Greece’s current financial situation is the main subject of a long and in depth analysis, published today by London’s Financial Times.
The report suggests that another Greek default will be announced within 2011. Some believe this will happen in the second quarter and others feel it will happen in the third quarter of next year.
Columnist Jonn Dizard states that:
“The Greeks and their advisers are already much further along in their thinking than euro officialdom. They realise that reaching a “successful” conclusion of the three-year adjustment process agreed with the euro leaders would be a disaster for their balance sheet. As Greek bonds mature over that period, they are paid off in large part with new borrowings from Europe and the IMF, as well as with Greek banks’ discounting bond purchases with the ECB.”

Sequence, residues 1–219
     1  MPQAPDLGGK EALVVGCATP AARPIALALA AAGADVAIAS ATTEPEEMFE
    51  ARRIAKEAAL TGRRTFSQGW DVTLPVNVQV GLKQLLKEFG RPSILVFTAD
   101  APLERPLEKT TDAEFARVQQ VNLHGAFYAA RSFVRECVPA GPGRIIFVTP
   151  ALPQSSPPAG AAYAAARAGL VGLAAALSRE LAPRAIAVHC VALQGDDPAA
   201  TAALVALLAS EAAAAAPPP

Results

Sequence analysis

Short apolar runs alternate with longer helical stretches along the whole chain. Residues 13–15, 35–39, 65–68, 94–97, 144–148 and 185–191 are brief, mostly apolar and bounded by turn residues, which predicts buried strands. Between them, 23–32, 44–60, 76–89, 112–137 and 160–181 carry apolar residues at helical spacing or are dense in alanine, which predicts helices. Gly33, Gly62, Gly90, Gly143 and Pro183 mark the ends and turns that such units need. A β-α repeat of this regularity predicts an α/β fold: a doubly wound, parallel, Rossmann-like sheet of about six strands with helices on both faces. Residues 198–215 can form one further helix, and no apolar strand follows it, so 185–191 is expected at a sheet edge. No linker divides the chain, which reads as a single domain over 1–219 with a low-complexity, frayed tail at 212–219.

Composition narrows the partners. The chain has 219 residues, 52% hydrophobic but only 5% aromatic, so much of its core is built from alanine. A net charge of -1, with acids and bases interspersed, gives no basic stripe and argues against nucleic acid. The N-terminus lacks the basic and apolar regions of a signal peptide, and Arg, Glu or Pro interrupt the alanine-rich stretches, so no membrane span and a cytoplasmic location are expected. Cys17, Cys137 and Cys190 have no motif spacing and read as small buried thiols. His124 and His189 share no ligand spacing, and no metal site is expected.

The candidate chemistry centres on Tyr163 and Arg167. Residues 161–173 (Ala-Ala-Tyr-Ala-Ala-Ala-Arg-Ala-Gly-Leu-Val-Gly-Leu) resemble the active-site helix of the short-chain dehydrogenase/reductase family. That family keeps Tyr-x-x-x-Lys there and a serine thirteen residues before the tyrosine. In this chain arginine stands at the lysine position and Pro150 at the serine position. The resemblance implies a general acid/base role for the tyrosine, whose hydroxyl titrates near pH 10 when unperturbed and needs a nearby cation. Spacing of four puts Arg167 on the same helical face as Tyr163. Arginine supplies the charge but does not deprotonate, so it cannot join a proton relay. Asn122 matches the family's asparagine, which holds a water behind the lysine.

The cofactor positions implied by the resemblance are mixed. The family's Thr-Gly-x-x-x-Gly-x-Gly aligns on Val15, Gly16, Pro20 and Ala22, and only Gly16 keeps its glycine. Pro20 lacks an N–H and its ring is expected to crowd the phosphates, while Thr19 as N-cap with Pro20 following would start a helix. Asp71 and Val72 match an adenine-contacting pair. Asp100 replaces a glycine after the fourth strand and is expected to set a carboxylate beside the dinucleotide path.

“That means Greece is exchanging outstanding debt that is legally and logistically easy to restructure on favourable terms with debt that is difficult or impossible to restructure. It is as if they were borrowing from a Mafia loan shark to repay an advance from their grandmother.”
“As has been noted publicly by sovereign debt lawyers such as Lee Buchheit of Cleary Gottlieb, the former counsel to Argentina, 90 per cent of outstanding Greek bonds are governed by Greek law. That means the terms of a restructuring could be set by the rapid passage of a law through the Greek parliament allowing for the application of aggregate collective action”.
“If a specific fraction for example, 80% or 90% of all Greek bondholders agree to a restructuring that lowers the net present value of Greek debt by half, then the remaining holdout bondholders would be forced into accepting the same terms.”
“In contrast, Greece’s advances from Eurozone countries, the IMF and the ECB are in effect, unrestructurable. Unlike Argentina which had a trade surplus at the time of its 2000-01 default, Greece needs continued financing and post-default for a trade deficit. That would not be available if it tries to stiff the IMF or ECB, let alone Germany and France. Think Zimbabwe.”